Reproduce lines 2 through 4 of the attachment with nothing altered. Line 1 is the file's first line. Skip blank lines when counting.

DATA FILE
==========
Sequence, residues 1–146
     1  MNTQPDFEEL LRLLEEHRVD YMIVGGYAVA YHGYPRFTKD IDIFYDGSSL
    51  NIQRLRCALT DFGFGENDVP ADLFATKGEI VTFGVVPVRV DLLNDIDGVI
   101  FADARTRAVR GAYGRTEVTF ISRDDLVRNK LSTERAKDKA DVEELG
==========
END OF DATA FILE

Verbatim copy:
     1  MNTQPDFEEL LRLLEEHRVD YMIVGGYAVA YHGYPRFTKD IDIFYDGSSL
    51  NIQRLRCALT DFGFGENDVP ADLFATKGEI VTFGVVPVRV DLLNDIDGVI
   101  FADARTRAVR GAYGRTEVTF ISRDDLVRNK LSTERAKDKA DVEELG